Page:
Learning to use the httpd error log to debug CGI programs
In all of the above examples, we call die only after having already sent the MIME header to the browser (with the built-in CGI.pm “header” method). Failing to do so can create all sorts of odd problems, and results in the dreaded message:
Server Error. The server encountered an internal error or misconfiguration and was unable to complete your request.
For example, running the following CGI program:
#!/usr/local/bin/perl5 -w use strict; # Check our syntax strictly use diagnostics; # Tell us how to fix mistakes use CGI; # Import the CGI module use CGI::Carp; # Create an instance of CGI my $query = new CGI; # Don't do very much die "This program crashed on purpose ";The above program dies upon reaching the last line, and inserts an appropriate message into the httpd error log. What will the user see on his or her browser? In the above example, the user will get the dreaded:
The server encountered an internal error or misconfiguration and was unable to complete your request.You can alleviate this problem by sending a MIME header before performing any serious computations:
#!/usr/local/bin/perl5 -w use strict; # Check our syntax strictly use diagnostics; # Tell us how to fix mistakes use CGI; # Import the CGI module use CGI::Carp; # Create an instance of CGI my $query = new CGI; print $query->header("text/html"); # Don't do very much die "This program crashed on purpose ";Note: while the documentation for CGI::Carp claims to alleviate this problem, experiments with the version installed on my system (from early September 1996) didn't seem to work quite this way. I thus suggest that you output MIME headers as close to the beginning of your programs as possible, simply to alleviate such problems.
Despite the colorful language that might occur to you when your program produces an error message, good warnings and logs are extremely helpful when writing and debugging code. This is especially true for CGI programs, where much of the work takes place behind the scenes and the only output to the user comes via a web browser. Learn to use the httpd error log effectively, and while your programming problems certainly won't disappear, your mistakes should be easier to identify and correct.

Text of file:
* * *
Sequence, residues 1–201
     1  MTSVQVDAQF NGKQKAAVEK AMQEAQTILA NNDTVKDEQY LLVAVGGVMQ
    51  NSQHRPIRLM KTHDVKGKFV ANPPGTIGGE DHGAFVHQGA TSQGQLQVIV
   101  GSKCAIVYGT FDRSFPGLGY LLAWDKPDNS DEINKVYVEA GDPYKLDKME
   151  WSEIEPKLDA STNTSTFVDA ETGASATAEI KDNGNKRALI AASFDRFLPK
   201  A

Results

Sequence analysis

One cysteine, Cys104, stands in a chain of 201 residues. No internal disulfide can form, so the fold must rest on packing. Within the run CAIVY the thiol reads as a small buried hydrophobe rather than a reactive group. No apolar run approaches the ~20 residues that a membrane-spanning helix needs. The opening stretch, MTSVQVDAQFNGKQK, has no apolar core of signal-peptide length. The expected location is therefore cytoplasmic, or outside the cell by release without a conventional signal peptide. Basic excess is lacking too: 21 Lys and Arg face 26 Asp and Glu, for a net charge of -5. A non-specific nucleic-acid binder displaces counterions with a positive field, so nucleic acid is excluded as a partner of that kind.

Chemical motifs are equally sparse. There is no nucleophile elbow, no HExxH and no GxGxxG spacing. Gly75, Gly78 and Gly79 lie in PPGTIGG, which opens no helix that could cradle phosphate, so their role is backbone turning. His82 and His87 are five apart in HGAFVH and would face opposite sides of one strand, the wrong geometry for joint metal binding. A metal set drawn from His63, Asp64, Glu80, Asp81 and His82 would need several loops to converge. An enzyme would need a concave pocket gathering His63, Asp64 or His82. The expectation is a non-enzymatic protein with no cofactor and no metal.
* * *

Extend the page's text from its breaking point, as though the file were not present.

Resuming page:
Reuven M. Lerner has been playing with the Web since early 1993, when it seemed more like a fun toy than the world's Next Great Medium. He currently works from his apartment in Haifa, Israel as an independent Internet and Web consultant. When not working on the Web or informally volunteering with school-age children, he enjoys reading (on just about any subject, but especially computers, politics, and philosophy—separately and together), cooking, solving crossword puzzles, and hiking. You can reach him at firstname.lastname@example.org or email@example.com.
Practical Task Scheduling Deployment
July 20, 2016 12:00 pm CDT
One of the best things about the UNIX environment (aside from being stable and efficient) is the vast array of software tools available to help you do your job. Traditionally, a UNIX tool does only one thing, but does that one thing very well. For example, grep is very easy to use and can search vast amounts of data quickly. The find tool can find a particular file or files based on all kinds of criteria. It's pretty easy to string these tools together to build even more powerful tools, such as a tool that finds all of the .log files in the /home directory and searches each one for a particular entry. This erector-set mentality allows UNIX system administrators to seem to always have the right tool for the job.
Cron traditionally has been considered another such a tool for job scheduling, but is it enough? This webinar considers that very question. The first part builds on a previous Geek Guide, Beyond Cron, and briefly describes how to know when it might be time to consider upgrading your job scheduling infrastructure. The second part presents an actual planning and implementation framework.
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With all the industry talk about the benefits of Linux on Power and all the performance advantages offered by its open architecture, you may be considering a move in that direction. If you are thinking about analytics, big data and cloud computing, you would be right to evaluate Power. The idea of using commodity x86 hardware and replacing it every three years is an outdated cost model. It doesn’t consider the total cost of ownership, and it doesn’t consider the advantage of real processing power, high-availability and multithreading like a demon.
This ebook takes a look at some of the practical applications of the Linux on Power platform and ways you might bring all the performance power of this open architecture to bear for your organization. There are no smoke and mirrors here—just hard, cold, empirical evidence provided by independent sources. I also consider some innovative ways Linux on Power will be used in the future.Get the Guide